Star Wars: Dark Disciple by Christie Golden is one of the new Disney Canon Star Wars novels, published in 2015. The novel is based on a storyline originally written by Katie Lucas as an eight-episode arc for the animated series Star Wars: The Clone Wars. These episodes were not completed due to the show’s cancellation. Initially this novel felt more like an obligatory read for me. I hadn’t seen through the show yet, but wanted to read the new canon novels, so I picked it up alongside Tarkin by James Luceno almost a year ago. Having recently finished watching the series finally, I became excited to start it. Not without its faults, I’m grateful that it exists, having given some closure on Asajj Ventress, a major recurring character throughout the series.Read More »
Spoiler Warning: I do reveal some key plot points in as vague a way as I can. I normally would work to avoid this more, but in this case, I needed to bring these things up.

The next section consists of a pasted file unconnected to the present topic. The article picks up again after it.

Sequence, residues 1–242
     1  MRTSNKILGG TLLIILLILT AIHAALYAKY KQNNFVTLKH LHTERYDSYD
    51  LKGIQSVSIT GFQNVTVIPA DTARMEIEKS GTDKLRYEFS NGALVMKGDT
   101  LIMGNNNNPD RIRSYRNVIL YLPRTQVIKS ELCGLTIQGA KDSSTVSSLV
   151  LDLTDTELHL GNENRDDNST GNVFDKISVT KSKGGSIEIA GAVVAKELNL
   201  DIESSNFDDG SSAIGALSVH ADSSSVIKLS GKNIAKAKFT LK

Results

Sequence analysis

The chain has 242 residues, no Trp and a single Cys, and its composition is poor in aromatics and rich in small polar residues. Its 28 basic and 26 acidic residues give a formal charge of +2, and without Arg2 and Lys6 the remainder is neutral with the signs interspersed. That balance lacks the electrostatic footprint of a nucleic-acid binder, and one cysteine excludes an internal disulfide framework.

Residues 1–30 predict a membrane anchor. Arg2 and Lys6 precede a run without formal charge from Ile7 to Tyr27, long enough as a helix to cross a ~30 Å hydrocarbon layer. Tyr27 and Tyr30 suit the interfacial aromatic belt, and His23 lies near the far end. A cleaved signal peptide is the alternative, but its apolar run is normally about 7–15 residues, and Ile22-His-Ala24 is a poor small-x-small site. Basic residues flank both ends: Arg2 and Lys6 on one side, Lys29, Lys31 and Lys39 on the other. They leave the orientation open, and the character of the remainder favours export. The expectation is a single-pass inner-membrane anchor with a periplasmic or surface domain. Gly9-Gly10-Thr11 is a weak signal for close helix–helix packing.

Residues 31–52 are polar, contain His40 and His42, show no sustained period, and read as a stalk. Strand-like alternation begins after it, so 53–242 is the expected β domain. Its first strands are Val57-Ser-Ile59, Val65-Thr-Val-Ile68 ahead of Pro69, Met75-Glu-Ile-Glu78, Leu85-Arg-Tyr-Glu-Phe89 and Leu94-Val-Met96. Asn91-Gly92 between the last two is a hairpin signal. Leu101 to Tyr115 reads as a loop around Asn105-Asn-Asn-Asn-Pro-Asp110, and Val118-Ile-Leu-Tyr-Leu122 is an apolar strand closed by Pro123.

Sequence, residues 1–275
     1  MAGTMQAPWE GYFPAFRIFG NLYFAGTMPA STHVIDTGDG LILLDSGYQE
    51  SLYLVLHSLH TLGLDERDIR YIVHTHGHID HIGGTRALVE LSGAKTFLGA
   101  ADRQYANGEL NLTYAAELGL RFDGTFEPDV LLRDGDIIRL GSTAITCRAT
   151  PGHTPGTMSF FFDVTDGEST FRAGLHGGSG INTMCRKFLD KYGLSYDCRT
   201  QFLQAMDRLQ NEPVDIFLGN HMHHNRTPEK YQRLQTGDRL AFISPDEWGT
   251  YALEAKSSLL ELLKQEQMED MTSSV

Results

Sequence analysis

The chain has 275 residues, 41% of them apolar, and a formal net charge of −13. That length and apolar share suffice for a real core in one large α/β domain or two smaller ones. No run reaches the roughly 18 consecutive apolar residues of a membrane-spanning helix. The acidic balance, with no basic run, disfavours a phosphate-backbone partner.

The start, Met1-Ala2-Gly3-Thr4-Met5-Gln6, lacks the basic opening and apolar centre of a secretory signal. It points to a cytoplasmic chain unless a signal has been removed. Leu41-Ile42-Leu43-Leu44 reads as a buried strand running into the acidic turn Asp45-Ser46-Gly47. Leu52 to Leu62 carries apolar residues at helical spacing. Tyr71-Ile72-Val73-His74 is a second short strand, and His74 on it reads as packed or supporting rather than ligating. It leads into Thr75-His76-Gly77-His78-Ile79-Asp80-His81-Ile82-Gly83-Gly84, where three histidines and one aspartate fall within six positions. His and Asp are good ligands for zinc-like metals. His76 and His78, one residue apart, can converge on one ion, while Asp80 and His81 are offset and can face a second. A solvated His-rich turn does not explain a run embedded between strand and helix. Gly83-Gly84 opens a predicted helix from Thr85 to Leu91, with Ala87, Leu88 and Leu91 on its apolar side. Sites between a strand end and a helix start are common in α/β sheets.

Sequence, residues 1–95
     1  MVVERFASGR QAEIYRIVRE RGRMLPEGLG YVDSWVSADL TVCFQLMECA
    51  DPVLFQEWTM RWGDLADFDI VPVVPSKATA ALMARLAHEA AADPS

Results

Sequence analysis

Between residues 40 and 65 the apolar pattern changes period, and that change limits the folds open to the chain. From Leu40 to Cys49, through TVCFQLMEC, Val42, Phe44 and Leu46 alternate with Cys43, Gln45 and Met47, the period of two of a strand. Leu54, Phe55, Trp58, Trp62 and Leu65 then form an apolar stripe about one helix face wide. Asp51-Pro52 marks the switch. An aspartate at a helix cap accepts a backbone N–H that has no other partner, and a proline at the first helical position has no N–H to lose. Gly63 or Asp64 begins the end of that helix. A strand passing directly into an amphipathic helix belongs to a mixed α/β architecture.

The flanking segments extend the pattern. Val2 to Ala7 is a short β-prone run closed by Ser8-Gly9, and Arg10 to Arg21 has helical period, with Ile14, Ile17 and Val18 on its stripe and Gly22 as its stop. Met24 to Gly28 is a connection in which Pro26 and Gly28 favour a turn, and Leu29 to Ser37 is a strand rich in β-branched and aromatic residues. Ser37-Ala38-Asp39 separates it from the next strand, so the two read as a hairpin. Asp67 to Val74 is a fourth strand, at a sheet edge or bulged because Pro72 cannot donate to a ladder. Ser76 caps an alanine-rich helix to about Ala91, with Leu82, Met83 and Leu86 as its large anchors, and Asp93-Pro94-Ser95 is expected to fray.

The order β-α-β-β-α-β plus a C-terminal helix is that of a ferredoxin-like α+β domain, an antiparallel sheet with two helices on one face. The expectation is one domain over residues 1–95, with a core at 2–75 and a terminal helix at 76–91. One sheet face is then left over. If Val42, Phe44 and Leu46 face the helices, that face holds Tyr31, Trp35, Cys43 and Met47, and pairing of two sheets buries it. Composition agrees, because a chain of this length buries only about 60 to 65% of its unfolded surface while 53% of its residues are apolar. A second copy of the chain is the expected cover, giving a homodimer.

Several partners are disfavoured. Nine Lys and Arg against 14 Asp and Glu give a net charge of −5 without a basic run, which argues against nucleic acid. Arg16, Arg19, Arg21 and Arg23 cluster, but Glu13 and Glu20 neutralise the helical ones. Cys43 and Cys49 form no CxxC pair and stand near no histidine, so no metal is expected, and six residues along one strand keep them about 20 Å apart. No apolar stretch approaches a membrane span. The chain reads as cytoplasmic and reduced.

The last Gunslinger, Roland Deschain, has been locked in an eternal battle with Walter O’Dim, also known as the Man in Black, determined to prevent him from toppling the Dark Tower, which holds the universe together. With the fate of the worlds at stake, good and evil will collide in the ultimate battle as only Roland can defend the Tower from the Man in Black.
The Dark Tower, directed and co-written by Nikolaj Arcel, is an American science fantasy Western based on the novel series of the same name by Stephen King. The film stars Idris Elba as Roland Deschain of Gilead, the last gunslinger, Tom Taylor as Jake Chambers, and Matthew McConaughey as Walter aka The Man in Black. This is a film I have been highly anticipating for the last year. I’d been a Dark Tower fan for a number of years, but in the summer of 2016, when I was only halfway through the series, I resolved to finish it before this film released. In April of this year I completed The Dark Tower, my resolution completed. For a lot of personal build up it amounted to something sadly anti-climactic.Read More »